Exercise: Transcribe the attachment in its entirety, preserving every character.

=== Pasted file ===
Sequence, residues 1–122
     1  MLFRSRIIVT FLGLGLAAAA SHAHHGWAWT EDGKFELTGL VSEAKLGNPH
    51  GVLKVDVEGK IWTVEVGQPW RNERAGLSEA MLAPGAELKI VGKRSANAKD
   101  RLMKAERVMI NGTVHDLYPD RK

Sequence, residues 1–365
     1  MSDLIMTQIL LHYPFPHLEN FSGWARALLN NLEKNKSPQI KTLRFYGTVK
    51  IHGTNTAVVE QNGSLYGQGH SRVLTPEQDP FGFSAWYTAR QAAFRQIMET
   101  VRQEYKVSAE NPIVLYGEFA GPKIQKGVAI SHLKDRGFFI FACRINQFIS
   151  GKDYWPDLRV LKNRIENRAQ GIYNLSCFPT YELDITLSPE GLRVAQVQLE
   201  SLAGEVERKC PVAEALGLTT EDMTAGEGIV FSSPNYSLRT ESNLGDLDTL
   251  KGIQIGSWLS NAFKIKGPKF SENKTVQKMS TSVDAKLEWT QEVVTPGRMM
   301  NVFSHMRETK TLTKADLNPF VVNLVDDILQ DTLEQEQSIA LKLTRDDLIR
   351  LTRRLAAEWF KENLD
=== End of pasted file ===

Sequence, residues 1–122
     1  MLFRSRIIVT FLGLGLAAAA SHAHHGWAWT EDGKFELTGL VSEAKLGNPH
    51  GVLKVDVEGK IWTVEVGQPW RNERAGLSEA MLAPGAELKI VGKRSANAKD
   101  RLMKAERVMI NGTVHDLYPD RK

Sequence, residues 1–365
     1  MSDLIMTQIL LHYPFPHLEN FSGWARALLN NLEKNKSPQI KTLRFYGTVK
    51  IHGTNTAVVE QNGSLYGQGH SRVLTPEQDP FGFSAWYTAR QAAFRQIMET
   101  VRQEYKVSAE NPIVLYGEFA GPKIQKGVAI SHLKDRGFFI FACRINQFIS
   151  GKDYWPDLRV LKNRIENRAQ GIYNLSCFPT YELDITLSPE GLRVAQVQLE
   201  SLAGEVERKC PVAEALGLTT EDMTAGEGIV FSSPNYSLRT ESNLGDLDTL
   251  KGIQIGSWLS NAFKIKGPKF SENKTVQKMS TSVDAKLEWT QEVVTPGRMM
   301  NVFSHMRETK TLTKADLNPF VVNLVDDILQ DTLEQEQSIA LKLTRDDLIR
   351  LTRRLAAEWF KENLD